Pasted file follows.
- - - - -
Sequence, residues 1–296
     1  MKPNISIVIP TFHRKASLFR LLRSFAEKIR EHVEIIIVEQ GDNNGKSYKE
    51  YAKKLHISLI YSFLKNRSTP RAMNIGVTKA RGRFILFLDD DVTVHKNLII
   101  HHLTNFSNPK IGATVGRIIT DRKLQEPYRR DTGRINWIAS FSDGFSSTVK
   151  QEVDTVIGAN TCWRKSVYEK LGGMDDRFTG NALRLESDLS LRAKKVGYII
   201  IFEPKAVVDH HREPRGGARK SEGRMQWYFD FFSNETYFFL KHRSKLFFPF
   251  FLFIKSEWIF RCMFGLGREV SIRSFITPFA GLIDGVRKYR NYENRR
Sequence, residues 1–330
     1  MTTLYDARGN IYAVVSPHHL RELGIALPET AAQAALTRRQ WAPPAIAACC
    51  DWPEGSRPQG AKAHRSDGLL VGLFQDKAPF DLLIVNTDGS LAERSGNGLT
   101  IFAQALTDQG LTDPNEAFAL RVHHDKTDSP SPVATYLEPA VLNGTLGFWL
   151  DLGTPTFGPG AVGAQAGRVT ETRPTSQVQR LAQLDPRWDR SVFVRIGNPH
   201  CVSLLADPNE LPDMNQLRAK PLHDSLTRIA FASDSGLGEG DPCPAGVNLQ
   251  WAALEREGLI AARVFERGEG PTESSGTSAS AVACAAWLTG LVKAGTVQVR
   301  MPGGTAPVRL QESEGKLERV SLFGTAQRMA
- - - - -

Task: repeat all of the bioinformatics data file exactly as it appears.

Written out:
Sequence, residues 1–296
     1  MKPNISIVIP TFHRKASLFR LLRSFAEKIR EHVEIIIVEQ GDNNGKSYKE
    51  YAKKLHISLI YSFLKNRSTP RAMNIGVTKA RGRFILFLDD DVTVHKNLII
   101  HHLTNFSNPK IGATVGRIIT DRKLQEPYRR DTGRINWIAS FSDGFSSTVK
   151  QEVDTVIGAN TCWRKSVYEK LGGMDDRFTG NALRLESDLS LRAKKVGYII
   201  IFEPKAVVDH HREPRGGARK SEGRMQWYFD FFSNETYFFL KHRSKLFFPF
   251  FLFIKSEWIF RCMFGLGREV SIRSFITPFA GLIDGVRKYR NYENRR
Sequence, residues 1–330
     1  MTTLYDARGN IYAVVSPHHL RELGIALPET AAQAALTRRQ WAPPAIAACC
    51  DWPEGSRPQG AKAHRSDGLL VGLFQDKAPF DLLIVNTDGS LAERSGNGLT
   101  IFAQALTDQG LTDPNEAFAL RVHHDKTDSP SPVATYLEPA VLNGTLGFWL
   151  DLGTPTFGPG AVGAQAGRVT ETRPTSQVQR LAQLDPRWDR SVFVRIGNPH
   201  CVSLLADPNE LPDMNQLRAK PLHDSLTRIA FASDSGLGEG DPCPAGVNLQ
   251  WAALEREGLI AARVFERGEG PTESSGTSAS AVACAAWLTG LVKAGTVQVR
   301  MPGGTAPVRL QESEGKLERV SLFGTAQRMA